Logic puzzles are basically of two types – word puzzles or mechanical puzzles. Logic word puzzles come in many varieties, such as “Don is 6 inches taller than Harry. Harry is 2” shorter than Jan. Rich is 5’8” tall and is the same height as Jan. How tall is each person?” These puzzles can be simple for children and range up to very difficult for adults. In many ways, geometry problems can be considered logic word puzzles.
Logic mechanical puzzles consist of mechanically interlinked pieces. The puzzles challenge the player to explore the interlocking pieces in order to assemble or disassemble the puzzle, put the pieces in sequence, or use dexterity to move the pieces. Such puzzles include: Rubik’s cubes, sliding tiles or blocks puzzles, impossible object puzzles, etc.
Logic puzzles teach logical thinking skills, deductive and inductive reasoning, spatial concepts, motor coordination, and planning advance gambits.
Pattern puzzles may be colors, shapes, numbers, letters, or any combination of them. The challenge is to create a pattern, determine what comes next in a pattern, or discover how the pattern was created. Patterns teach logical progressions, deductive and inductive reasoning, and spatial concepts.
Mazes require the player to find a way through a maze on paper, in virtual reality, or in real life. Mazes teach spatial concepts, logical progression, and deductive reasoning, as well as directionality. Mazes are often considered to be art themselves.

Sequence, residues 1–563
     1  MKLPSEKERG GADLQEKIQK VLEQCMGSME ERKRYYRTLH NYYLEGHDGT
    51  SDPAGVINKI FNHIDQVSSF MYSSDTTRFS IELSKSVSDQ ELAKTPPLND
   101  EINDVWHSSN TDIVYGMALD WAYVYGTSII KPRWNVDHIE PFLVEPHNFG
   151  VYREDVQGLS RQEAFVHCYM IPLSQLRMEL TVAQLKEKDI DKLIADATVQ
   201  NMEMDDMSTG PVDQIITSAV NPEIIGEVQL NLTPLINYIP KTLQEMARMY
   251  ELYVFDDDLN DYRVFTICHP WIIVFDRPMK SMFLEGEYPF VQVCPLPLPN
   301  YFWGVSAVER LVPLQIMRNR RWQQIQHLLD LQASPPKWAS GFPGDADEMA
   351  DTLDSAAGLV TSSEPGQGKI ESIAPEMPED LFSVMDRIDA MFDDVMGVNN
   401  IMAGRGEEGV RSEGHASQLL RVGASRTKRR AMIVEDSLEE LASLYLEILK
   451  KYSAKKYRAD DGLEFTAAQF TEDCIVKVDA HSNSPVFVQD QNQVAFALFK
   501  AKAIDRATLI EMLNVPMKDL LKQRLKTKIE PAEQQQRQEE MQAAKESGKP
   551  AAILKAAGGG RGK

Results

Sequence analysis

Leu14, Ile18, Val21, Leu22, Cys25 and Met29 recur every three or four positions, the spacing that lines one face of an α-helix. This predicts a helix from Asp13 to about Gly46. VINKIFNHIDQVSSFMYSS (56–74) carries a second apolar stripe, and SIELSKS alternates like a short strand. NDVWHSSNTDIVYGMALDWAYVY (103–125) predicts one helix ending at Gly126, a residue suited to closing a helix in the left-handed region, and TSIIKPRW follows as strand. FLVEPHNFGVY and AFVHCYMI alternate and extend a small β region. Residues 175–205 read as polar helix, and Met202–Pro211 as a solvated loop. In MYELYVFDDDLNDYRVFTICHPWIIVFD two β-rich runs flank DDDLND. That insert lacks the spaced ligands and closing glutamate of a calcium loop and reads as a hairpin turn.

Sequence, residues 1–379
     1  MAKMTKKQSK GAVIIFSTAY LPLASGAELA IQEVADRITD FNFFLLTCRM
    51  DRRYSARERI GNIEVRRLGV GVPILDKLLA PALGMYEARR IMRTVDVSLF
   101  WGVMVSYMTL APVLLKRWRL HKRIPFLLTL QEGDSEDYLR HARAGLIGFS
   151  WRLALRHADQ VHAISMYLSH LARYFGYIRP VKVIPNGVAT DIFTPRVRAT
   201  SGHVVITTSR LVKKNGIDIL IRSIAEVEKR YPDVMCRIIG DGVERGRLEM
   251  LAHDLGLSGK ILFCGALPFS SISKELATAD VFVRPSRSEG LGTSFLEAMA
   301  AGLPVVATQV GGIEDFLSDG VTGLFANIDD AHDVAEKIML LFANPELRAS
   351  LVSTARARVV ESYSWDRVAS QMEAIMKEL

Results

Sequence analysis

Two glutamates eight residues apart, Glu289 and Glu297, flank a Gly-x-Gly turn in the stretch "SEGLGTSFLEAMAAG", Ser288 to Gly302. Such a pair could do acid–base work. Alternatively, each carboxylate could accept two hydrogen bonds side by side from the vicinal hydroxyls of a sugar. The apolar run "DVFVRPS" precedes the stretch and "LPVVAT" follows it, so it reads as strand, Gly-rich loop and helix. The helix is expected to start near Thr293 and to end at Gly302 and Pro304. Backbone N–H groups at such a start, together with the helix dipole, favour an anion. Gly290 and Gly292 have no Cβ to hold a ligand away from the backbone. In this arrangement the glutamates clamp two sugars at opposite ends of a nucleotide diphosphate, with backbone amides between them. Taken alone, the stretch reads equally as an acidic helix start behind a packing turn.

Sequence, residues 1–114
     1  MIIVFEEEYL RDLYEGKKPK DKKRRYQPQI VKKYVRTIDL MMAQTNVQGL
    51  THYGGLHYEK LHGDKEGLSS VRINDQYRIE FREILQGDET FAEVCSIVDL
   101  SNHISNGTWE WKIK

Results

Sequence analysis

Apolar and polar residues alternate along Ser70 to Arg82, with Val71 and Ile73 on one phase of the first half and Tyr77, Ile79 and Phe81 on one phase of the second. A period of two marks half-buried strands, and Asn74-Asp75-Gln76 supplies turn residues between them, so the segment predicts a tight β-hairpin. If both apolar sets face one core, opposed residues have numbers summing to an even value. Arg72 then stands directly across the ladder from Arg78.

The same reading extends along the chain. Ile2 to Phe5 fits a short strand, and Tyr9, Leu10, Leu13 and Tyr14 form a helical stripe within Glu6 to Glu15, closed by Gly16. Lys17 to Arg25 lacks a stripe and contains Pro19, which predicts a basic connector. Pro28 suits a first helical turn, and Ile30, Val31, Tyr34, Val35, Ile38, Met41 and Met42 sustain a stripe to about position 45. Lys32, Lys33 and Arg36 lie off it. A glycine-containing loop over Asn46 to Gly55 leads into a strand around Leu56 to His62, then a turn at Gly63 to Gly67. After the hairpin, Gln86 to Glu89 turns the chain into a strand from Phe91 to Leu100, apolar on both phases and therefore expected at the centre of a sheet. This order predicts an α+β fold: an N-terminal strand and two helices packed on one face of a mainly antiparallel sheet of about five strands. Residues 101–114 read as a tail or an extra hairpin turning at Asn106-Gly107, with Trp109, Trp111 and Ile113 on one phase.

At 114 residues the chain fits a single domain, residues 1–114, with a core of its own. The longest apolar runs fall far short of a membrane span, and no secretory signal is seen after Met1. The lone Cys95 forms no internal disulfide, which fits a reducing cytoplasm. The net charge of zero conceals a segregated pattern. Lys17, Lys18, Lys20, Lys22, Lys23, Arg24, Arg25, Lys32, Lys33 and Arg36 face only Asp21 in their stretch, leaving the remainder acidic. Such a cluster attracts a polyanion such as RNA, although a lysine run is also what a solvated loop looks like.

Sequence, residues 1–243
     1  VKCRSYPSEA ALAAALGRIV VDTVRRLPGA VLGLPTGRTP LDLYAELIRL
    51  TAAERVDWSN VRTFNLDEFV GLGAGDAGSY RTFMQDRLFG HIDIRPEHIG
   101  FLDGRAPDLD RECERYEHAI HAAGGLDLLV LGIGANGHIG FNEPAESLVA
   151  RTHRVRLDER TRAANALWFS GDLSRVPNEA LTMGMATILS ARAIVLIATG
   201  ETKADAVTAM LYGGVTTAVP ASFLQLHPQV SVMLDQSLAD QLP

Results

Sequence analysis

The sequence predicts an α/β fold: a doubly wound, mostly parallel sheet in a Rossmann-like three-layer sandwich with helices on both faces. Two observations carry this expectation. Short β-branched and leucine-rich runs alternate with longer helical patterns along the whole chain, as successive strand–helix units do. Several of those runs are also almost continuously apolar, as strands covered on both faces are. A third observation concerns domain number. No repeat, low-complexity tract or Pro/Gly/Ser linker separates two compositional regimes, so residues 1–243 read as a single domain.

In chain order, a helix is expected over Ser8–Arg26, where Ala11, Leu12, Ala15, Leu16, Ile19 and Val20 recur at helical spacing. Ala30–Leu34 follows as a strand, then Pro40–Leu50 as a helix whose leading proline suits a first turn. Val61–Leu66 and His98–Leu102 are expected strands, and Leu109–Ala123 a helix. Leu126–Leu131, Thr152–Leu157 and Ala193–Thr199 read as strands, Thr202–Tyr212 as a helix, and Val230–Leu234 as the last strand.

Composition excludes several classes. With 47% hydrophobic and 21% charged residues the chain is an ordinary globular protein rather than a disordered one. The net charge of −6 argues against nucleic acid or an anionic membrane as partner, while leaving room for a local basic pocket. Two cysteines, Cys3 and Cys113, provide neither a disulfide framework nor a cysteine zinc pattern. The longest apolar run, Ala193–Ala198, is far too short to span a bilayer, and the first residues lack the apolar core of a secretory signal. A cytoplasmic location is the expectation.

Riddles and Brain Teasers
Riddles and brain teasers are brief descriptions that challenge the player to discover what is being described. In a brain teaser, for example, the description goes: a child is brought into a hospital emergency room after a car accident in which his father is killed. The doctor in the emergency room says, “I can’t operate on this child. He’s my son.” How can this be?” Answer: the doctor is the child’s mother. Riddles and brain teasers teach how to think “outside of the box.”
Here is a riddle. If a fire hydrant has H2O on the outside, what does it have on the inside? Answer: K9P
Here is another. A hunter looking out of his cabin can only look south. A bear ambles by. What color is the bear? Answer: white (It’s a polar bear because the hunter can only look south, he must be at the North Pole.)
Incorporating puzzles of all kinds into a child’s education and recreation is stimulating for the mind and fun for the child. There are hundreds of resources on the internet for all kinds of puzzles, both free and available for purchase. Get some puzzles and challenge your child!
Bio for Ann Bowers
Ann Bowers has been an elementary school teacher, in kindergarten through 8th grade, for 20 years. She was a Bilingual Education Grant Project Coordinator for seven years and a school principal for seven. She has a B.A. in English, an M.A. in Education, and holds California Life Teaching Credentials and specialist credentials in Remedial Reading and Teaching English as a Second Language. She is retired and has started a second career as a freelance writer.